New course of studies in health care planned

Landshut University of Applied Sciences joins forces with the town and district of Landshut for “Physician Assistance” course

Advancing the region together – with this goal in mind, University President, Prof. Dr. Fritz Pörnbacher, Member of the State Parliament and Member of the Science Committee of Helmut Radlmeier, District Administrator Peter Dreier, Mayor of Landshut Alexander Putz and his Deputy Dr. Thomas Haslinger, recently met. The meeting addressed the proposed launch of the new “Physician Assistance – Arztassistenz” course. A course of this kind is long overdue in the region, said Radlmeier. “The Landshut region has excellently-developed hospital facilities. However, skilled staff are urgently required.” The new course is also designed to close a gap in the demand for labour.

Graduates of the Physician Assistance course can find employment in a wide range of fields: in organising and assisting in the operating theatre, in the area of administration in hospitals and other health care facilities, in assisting doctors in their private practices, in rural health care, in emergency medicine, as well as in medical technology. “At present, comparable courses are only available in Amberg-Weiden and Neu-Ulm,” emphasized Pörnbacher. “We would be the first to offer such a course in Lower Bavaria.”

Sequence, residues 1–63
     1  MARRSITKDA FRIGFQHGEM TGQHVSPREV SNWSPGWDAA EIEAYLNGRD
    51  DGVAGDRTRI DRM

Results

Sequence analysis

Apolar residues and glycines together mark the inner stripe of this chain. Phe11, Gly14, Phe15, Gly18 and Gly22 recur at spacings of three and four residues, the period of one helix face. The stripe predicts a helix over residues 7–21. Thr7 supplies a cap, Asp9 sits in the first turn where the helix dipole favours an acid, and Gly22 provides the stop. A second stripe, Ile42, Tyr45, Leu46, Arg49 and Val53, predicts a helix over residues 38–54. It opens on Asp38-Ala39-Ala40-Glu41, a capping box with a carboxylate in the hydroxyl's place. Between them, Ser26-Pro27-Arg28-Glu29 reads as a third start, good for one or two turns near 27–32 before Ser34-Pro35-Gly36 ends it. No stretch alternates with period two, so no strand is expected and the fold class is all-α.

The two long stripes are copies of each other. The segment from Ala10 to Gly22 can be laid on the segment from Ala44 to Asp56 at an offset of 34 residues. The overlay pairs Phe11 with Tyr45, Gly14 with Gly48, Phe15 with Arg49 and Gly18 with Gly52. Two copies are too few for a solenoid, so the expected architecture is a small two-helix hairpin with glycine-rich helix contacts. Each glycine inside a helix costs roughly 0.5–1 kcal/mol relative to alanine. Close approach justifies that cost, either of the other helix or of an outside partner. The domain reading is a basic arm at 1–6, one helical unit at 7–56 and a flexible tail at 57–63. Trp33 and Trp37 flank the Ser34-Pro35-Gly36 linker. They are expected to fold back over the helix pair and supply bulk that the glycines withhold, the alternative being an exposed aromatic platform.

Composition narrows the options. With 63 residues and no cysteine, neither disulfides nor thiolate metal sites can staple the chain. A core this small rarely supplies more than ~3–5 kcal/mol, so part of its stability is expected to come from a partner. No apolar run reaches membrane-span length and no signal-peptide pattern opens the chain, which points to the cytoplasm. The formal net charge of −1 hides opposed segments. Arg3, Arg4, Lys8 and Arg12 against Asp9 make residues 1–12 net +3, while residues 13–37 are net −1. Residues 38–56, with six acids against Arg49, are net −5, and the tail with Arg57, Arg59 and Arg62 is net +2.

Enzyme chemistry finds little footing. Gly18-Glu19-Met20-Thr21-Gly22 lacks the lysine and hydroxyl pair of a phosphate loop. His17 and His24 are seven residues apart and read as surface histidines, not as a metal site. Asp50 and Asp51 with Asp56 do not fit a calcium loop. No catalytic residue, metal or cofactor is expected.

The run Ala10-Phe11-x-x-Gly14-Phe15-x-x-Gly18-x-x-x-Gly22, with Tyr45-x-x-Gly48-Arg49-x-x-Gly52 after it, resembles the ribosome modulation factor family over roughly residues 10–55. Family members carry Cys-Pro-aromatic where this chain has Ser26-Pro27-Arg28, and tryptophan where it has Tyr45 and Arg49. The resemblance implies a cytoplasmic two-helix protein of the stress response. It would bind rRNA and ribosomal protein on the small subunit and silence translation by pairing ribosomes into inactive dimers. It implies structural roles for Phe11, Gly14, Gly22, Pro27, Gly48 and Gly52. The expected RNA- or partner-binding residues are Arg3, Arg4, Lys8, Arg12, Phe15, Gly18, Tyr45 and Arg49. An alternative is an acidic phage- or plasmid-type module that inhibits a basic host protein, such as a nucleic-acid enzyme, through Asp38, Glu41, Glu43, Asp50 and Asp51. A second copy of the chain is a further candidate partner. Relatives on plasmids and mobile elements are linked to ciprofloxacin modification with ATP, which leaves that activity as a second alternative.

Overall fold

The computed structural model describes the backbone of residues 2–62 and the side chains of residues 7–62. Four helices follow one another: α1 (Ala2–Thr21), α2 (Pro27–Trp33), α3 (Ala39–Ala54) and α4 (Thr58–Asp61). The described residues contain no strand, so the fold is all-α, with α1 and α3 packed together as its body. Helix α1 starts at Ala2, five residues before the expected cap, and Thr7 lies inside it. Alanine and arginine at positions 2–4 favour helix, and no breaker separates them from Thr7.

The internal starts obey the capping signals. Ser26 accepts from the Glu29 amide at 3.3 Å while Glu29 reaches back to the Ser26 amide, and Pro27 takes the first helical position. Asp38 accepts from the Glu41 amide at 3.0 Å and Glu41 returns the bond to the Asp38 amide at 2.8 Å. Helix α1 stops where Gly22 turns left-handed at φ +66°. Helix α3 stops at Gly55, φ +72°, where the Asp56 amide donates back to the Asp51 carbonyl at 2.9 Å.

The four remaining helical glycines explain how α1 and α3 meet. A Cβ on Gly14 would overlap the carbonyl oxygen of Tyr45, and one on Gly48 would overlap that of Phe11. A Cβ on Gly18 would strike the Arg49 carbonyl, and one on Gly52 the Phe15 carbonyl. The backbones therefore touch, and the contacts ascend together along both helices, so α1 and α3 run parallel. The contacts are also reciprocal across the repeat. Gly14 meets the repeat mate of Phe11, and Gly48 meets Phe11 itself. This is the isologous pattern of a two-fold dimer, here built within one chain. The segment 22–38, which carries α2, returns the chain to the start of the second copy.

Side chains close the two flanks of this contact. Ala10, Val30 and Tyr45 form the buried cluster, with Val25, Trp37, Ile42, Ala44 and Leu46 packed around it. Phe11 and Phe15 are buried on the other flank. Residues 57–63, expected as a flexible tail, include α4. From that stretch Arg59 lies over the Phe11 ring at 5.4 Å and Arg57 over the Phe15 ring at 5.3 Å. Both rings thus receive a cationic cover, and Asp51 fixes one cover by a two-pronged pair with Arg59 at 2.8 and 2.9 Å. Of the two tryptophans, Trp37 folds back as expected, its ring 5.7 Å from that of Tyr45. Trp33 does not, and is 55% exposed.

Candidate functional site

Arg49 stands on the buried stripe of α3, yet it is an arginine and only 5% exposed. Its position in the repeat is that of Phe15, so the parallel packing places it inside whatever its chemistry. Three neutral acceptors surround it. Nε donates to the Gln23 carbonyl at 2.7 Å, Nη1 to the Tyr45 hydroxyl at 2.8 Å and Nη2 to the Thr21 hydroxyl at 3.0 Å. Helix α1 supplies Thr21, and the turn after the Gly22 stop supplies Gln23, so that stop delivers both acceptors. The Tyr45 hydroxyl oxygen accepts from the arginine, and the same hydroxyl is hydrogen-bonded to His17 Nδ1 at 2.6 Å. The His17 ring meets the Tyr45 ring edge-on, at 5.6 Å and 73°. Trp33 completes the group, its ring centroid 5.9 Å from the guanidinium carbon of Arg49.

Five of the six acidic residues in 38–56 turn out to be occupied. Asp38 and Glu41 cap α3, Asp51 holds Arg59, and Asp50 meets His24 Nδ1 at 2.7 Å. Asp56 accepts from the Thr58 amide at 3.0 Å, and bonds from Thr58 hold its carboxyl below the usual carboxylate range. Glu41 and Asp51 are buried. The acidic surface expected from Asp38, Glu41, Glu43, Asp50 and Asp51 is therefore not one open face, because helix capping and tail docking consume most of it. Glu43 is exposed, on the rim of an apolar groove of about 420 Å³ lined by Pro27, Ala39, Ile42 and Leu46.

A joint letter to the Minister of Science

In a joint letter, the president of the university and the political representatives addressed the Minister of Science, Bernd Sibler, so as to emphasise the advantages of such a course of study. The course would allow us to make an important contribution to local health care,” Putz said. “With an offer of this kind, we can make Landshut and the region more attractive,” added Dreier. According to Radlmeier, the Physician Assistance course could kill two birds with one stone: it would further raise the profile of the university help solve the problem of the shortage of skilled staff at the region’s hospitals.

On the part of the university, nothing stands in the way of a rapid implementation of the course. “With Midwifery and Biomedical Engineering, we are already offering two courses in the area of health care, which means we also have laboratory access,” emphasised Pörnbacher. “With our current internal resources, we are already in a position to take on the first students.” To ensure the course is a long-term success, however, the university is reliant on financial support from the ministry.

Photos: Landshut University of Applied Sciences/Thomas Kolbinger

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